Mandy Lee Jandrell is an internationally exhibiting artist working with installation, photography and moving image. Her work has been shown in a The Royal Academy, 10 Downing street, The South African National Gallery, The Whitechapel Gallery, The Serpentine Gallery and The Sharjah Art Foundation. Jandrell completed her MA in Fine Art at Goldsmiths College, London in 2003, having previously completed her BA (Hons) degree in Fine Art, at Michaelis School of Fine Art, University of Cape Town, in 1998. Jandrell grew up in South African and has lived in the UK for 20 years. She is currently Head of Photography at Falmouth University.
What inspires you as an artist?
Small observations in the everyday, especially colour and light- like the way light momentarily reflects off a wall and then the next second it’s gone. I also enjoy experimenting and playing with different materials to see what they will do and how far you can push them. Watching children play and make stuff is also hugely inspiring as they don’t have preconceptions of how things should go, so they’re endlessly creative and I love that they just get on with it completely unselfconsciously.
Where do you influences come from?
I’m hugely drawn to the work of early modernist artists, especially photographers who were associated to the Bauhaus like Florence Henri and Laszlo Moholy-Nagy for their questioning and experimentation with the photographic form and for challenging our ways of looking. I also love painters like Winifred Nicholson and Etel Adnan for their incredible use of colour and everyday observations. A few years ago I found an old copy of Josef Itten’s “The Elements of Colour” in a charity shop (he also taught at Bauhaus), and followed the exercises in it. Sometimes it’s good after some years of practice to reacquaint yourself with the basics, as it makes you rethink the way you see things all over again! Right now, I’m also really interested in political philosophers like Jane Bennett and Timothy Morton and how they write about objects, the aesthetic realm and shifting perspectives.
In Another Place places extraordinary art in ordinary places across the East Midlands, what made you want to take part in the project?
I was really interested in the idea of having my work in a space where it might be encountered in a context other than the gallery- and seen as part of someone’s everyday life. I liked the idea that you might be going about your daily routine and that, almost out of the blue, you would encounter something quite out of the ordinary!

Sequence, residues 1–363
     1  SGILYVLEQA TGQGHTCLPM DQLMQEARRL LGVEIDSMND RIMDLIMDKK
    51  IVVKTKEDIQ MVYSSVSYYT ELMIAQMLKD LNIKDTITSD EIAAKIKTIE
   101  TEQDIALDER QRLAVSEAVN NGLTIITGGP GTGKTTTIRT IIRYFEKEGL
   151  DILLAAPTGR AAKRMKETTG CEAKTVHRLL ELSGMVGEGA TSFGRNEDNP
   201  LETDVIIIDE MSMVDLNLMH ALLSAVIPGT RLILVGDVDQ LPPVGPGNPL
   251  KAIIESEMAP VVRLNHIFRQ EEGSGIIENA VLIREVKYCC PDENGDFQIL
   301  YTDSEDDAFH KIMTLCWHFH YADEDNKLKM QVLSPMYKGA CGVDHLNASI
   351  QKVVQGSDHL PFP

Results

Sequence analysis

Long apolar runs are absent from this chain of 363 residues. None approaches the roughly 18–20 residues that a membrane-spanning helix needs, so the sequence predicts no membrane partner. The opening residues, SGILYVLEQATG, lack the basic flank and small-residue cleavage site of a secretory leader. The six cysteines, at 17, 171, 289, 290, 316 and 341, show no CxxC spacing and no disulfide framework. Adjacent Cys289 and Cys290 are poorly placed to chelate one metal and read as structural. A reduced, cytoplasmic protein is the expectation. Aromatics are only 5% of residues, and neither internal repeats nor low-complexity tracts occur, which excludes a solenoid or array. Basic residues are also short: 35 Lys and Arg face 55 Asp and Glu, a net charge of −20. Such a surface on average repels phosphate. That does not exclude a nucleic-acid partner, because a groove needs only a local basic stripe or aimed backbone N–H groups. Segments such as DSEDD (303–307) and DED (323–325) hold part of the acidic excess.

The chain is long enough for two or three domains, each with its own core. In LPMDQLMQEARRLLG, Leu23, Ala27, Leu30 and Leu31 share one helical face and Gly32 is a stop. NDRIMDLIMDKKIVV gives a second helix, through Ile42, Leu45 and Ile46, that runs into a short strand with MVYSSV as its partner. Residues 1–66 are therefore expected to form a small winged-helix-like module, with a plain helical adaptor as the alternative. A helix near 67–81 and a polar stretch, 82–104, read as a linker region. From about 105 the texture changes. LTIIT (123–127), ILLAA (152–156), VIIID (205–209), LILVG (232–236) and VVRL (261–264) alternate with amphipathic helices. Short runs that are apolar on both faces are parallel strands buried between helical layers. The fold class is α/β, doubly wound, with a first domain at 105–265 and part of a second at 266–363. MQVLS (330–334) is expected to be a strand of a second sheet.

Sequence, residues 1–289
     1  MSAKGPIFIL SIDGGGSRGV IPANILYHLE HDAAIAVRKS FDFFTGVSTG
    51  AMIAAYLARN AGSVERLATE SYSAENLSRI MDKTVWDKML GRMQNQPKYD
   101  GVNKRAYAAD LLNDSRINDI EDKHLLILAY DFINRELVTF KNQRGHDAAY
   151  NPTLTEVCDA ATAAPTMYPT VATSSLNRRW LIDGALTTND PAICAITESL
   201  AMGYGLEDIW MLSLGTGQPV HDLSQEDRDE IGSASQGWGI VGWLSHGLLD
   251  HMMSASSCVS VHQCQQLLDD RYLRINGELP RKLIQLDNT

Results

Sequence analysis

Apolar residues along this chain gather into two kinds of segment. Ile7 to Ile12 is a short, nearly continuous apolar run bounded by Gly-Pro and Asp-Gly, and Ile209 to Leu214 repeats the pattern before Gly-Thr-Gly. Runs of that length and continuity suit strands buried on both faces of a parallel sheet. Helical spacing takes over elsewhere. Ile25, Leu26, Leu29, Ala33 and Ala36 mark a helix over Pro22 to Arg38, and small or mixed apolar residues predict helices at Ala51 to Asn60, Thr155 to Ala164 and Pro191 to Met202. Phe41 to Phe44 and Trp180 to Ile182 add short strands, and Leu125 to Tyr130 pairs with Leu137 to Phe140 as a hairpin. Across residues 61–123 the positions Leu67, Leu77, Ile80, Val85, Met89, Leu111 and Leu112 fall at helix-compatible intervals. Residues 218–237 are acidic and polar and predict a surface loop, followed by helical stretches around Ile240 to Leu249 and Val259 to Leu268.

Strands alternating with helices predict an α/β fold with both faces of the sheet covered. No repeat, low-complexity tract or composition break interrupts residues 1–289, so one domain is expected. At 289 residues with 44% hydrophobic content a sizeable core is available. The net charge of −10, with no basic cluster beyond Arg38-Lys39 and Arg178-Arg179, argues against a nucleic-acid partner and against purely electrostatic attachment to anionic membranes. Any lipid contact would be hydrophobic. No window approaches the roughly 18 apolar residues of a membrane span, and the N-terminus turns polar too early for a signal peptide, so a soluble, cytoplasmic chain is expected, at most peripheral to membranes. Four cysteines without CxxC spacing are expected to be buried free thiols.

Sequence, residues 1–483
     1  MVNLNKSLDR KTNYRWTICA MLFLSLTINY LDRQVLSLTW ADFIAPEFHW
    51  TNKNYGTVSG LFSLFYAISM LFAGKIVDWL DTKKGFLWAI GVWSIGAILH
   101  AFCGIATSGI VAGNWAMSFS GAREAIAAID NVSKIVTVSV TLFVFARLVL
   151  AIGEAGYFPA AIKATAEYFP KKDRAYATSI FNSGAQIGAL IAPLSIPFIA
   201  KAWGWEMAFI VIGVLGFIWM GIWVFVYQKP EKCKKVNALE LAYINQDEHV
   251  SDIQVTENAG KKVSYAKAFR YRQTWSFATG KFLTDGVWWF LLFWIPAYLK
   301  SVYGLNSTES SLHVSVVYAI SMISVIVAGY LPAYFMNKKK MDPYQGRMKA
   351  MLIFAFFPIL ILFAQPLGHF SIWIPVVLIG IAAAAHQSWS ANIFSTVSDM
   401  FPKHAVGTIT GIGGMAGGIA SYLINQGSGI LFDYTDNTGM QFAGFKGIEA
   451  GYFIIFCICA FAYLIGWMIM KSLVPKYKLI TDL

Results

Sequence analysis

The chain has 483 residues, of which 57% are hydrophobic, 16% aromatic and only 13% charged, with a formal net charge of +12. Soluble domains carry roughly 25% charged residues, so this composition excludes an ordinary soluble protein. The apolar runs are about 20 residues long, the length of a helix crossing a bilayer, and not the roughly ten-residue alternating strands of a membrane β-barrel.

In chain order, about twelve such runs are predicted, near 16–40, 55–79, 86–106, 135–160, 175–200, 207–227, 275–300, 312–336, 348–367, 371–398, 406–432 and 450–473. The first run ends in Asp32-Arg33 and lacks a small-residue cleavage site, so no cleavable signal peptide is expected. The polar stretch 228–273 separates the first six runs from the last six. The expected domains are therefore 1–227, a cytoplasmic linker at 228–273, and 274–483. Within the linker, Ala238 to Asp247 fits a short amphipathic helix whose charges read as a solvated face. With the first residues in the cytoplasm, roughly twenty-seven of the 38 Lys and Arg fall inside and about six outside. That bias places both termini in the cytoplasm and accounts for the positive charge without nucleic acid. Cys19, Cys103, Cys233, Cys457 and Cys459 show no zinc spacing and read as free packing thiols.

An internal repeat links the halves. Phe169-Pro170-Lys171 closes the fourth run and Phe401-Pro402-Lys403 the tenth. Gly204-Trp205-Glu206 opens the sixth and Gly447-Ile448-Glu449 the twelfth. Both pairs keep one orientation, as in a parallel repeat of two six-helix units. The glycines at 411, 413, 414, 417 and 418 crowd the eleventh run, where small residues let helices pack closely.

What are you hoping to gain from being involved in this project?
I hope it brightens up someone’s day!
What, if any, are the barriers to people experiencing visual arts in a traditional setting such as an art gallery?
I think generally people have very busy lives in the day to day, going to work, doing the shopping, looking after kids, etc and that visiting an art gallery is not always the first thing you might prioritise in your routine. So seeing art outside of a gallery context, in an everyday place is great, because its easily accessible. I think that sometimes there’s a misconception that you have to be knowledgeable in some way to enjoy art- but I would say that taking the time out to really look at something, especially if it’s something unfamiliar, and allowing your eyes to explore it, is what it’s all about and that’s a very enjoyable thing to do.
Tell us more about your individual billboard- what’s the idea behind it?
The billboard idea came out of my work for the exhibition ‘Evidence in Camera’ which will open at the Usher Gallery on the 25th of May. For the exhibition I am exploring how aerial surveillance photography challenged notions of perspective. The work makes reference to the ambiguity of aerial reconnaissance photographs, playing on the use of decoys to create deceptive images staged to mislead interpretation. The installation uses codes, fragments, deception and theatricality to interrogate our relationship to the illusive nature of photographic images and the way in which they serve to not only trick our perception, but also show us things that our eyes are incapable of seeing.
What can people expect from your billboard artwork?
Something bright, something a little ambiguous, and hopefully something a little unexpected in the everyday!
How important is it to raise the profile of visual arts across the East Midlands?
I think it’s extremely important- seeing art and being engaged with the arts builds confidence, especially for young people. The creative industries are one of the biggest growing industries in the UK. I also think that promoting creativity in all aspects of life can be very empowering, as it develops problem solving skills and confidence.
In one sentence, sell ‘In Another Place’ to us. (Why should people get involved).
‘In Another Place’ brings art out of the gallery and into the street, it offers a chance to be surprised and intrigued!
Where can we find out more about your work?
On my website.